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In the video below we can briefly see the valiant attempt of a lone Nitrogen RCS thrust to keep the Falcon 9 upright during the failed landing attempt of CRS-6.

However, as the stage continues to tip more thrusters start firing [about the 10s mark in the video], but at 90° to the direct the stage is falling. They're obviously not helping keep the stage up.

Why did those thrusters fire?

Did the Falcon conclude that its cause was hopeless and tried to move itself away from the ASDS to minimize damage?

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    $\begingroup$ One possibility is that the thrusters have independent propellant tanks rather than working from a shared tank, and the one thruster simply ran out. Under most circumstances, the thrusters would need to fire only brief pulses rather than sustaining fire for several seconds. I would not expect that the thruster program would include intentional control of the fall direction. In a situation where the stage couldn't be kept upright, I'd think there would be too many unknowns. I think the fall wasn't orthogonal to the one thruster's orientation, so the other thrusters were in use as well. $\endgroup$ – Russell Borogove Apr 18 '15 at 20:47
  • $\begingroup$ Maybe they thrusted upwards because that was the best vector available to their "gimbaling" (if that really is a word in English, rolling my eyes). Pushing the rocket stage downwards is better than doing nothing, and your AI works for your best day and night until death do you apart! $\endgroup$ – LocalFluff Apr 20 '15 at 17:42
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Looking at that video I'm not sure you're describing it accurately. I don't think it's actually 90 degrees from the fall direction. It's pretty much sideways but I'm not sure it's entirely sideways. If there was even a small component in the needed direction I can see the computer firing it because it wasn't programmed to recognize impossible--it saw it was tipped and tried to straighten the rocket using everything it had.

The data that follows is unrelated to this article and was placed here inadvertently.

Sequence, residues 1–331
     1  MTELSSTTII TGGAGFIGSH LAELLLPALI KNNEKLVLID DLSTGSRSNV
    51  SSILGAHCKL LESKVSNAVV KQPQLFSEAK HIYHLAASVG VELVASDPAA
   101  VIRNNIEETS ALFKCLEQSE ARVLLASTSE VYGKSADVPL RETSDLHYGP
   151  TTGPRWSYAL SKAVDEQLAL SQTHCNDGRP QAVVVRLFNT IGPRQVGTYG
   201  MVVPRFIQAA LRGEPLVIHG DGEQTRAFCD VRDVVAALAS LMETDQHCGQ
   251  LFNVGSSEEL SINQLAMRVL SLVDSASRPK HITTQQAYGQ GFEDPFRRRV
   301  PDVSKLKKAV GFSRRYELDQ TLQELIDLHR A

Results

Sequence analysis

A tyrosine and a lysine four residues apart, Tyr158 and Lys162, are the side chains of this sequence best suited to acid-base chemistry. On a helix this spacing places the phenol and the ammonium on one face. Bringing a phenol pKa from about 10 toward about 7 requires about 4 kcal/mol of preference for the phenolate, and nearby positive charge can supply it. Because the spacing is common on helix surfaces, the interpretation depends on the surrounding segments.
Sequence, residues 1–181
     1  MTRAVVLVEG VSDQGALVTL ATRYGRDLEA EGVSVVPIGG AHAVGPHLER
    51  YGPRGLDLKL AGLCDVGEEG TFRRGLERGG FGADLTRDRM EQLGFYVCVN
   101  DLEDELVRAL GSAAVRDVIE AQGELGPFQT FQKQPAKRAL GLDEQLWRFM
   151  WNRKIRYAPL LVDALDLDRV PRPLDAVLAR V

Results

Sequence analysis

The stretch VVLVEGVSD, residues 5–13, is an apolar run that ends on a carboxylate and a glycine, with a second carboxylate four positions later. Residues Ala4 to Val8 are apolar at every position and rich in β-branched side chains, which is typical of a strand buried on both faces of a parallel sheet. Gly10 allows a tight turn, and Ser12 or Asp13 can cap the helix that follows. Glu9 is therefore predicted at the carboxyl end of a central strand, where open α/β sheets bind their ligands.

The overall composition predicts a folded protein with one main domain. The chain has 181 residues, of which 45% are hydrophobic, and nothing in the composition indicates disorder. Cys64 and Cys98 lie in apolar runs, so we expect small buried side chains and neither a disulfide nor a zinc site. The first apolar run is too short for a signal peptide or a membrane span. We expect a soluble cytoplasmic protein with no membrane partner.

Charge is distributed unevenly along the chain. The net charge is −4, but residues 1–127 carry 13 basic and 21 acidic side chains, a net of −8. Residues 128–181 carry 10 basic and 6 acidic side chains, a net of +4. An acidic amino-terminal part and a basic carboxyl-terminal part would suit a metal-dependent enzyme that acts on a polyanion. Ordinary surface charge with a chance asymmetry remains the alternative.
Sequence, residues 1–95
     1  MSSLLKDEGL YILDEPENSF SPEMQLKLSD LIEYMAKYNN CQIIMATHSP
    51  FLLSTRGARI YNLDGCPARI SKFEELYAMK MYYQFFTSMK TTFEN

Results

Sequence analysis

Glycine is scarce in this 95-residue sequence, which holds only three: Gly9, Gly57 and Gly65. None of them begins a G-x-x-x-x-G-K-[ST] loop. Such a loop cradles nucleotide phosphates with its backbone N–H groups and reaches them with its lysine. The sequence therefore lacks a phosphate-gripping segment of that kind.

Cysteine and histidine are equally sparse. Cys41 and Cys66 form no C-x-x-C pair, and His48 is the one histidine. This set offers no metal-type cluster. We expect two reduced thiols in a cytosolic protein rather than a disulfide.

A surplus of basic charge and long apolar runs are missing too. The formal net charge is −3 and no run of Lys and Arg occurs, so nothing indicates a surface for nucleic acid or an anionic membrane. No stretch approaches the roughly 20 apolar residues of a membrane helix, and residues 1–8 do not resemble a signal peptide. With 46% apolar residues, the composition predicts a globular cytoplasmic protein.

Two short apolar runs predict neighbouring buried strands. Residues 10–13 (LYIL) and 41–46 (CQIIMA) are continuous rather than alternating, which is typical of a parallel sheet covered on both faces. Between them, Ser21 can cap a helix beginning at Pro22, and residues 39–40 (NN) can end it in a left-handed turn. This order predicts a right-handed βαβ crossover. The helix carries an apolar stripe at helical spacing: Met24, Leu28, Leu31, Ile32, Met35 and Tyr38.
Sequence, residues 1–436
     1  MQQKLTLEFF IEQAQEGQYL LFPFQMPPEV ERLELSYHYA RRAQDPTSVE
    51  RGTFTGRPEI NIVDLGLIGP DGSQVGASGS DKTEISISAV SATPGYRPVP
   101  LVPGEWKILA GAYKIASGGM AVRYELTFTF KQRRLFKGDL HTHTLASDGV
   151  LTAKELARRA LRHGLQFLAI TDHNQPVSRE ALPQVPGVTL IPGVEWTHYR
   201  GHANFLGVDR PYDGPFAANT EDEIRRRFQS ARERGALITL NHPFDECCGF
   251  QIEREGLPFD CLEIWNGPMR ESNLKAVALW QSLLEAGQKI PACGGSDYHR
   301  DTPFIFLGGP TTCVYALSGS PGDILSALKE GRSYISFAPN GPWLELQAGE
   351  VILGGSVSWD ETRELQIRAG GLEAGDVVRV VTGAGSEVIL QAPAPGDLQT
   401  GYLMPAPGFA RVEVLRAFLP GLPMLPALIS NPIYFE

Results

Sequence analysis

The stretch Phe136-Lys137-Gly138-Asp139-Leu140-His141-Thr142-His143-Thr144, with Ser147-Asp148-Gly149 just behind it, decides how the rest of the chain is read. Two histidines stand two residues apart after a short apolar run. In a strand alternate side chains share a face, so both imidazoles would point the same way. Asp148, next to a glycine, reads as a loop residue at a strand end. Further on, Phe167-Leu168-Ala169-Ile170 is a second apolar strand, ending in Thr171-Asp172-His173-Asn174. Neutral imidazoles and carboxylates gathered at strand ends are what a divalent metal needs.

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It is hard to judge what the rocket trying to do (to impute behavior to machine is may be to early). Anyway, the general impression of majority of people commenting these videos is that flight computer is confused.

The cold gas thrusters are used only for roll control at atmospheric decent phase so they should works in pairs. Cold gas thrusters (RCS in your question)are too week even to try to correct excess of angular velocity that killed the booster.

When gambled engine solely is used for attitude control the control forces are applied in single point. This way, the pitch/yawing control moments are coupled with uncompensated lateral force. Consequently, any attempt to compensate significant moments introduced by cross winds or wind shear inserts lateral force and deviation from target path. Imposed sideway velocities induce back aerodynamic pitch/yow moments. On the other hand, any divert move performed by single-ended attitude control is possible only by tricky tilt and set upright maneuver.

Evidently, on certain point, that highly nonlinear feedback becomes pathological and triggered a Stability Loss and hardover beyond recoverability.

Such deadly vacillation is caused of close frequency response of the lateral feedback interfere with the pitch/yaw channel. Figuratively speaking, the guidance computer is in vacillation between contradictive priorities: attitude stability and horizontal deviation.

cold gas nozzles

The thrust of cold gas thrusters may be estimated by their openings but even without calculations one may decide is it possible such two inches nitrogen nozzles may turn back 20 ton, 42 meter long vehicle in seconds.

The thrusters was activated most likely by axial twist after violent contact of legs with platform.

roll thrusters

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    $\begingroup$ "The cold gas thrusters are used only for roll control so they should works in pairs." Do you have any source for this claim? It seems very clear in the video that they're firing to try and stabilize the rocket in the vertical, not to roll it. $\endgroup$ – Russell Borogove May 25 '15 at 20:09
  • $\begingroup$ on 'cold gas thrusters': the source are (1) Elon Musk Q&A; (2) observation that the opposite directions are activated in same time what make sense only when roll moment is inserted; (3) estimation of cold gas thrusters maximum moment. $\endgroup$ – Val May 26 '15 at 7:14
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    $\begingroup$ How do you square that with the situation in OP's video at 0:11, where two thrusters at positions 180º apart on the fuselage appear to be firing in the same direction? $\endgroup$ – Russell Borogove May 26 '15 at 15:09
  • $\begingroup$ please ref the picture added $\endgroup$ – Val May 27 '15 at 3:52
  • $\begingroup$ Please ref the video. $\endgroup$ – Russell Borogove May 27 '15 at 4:00

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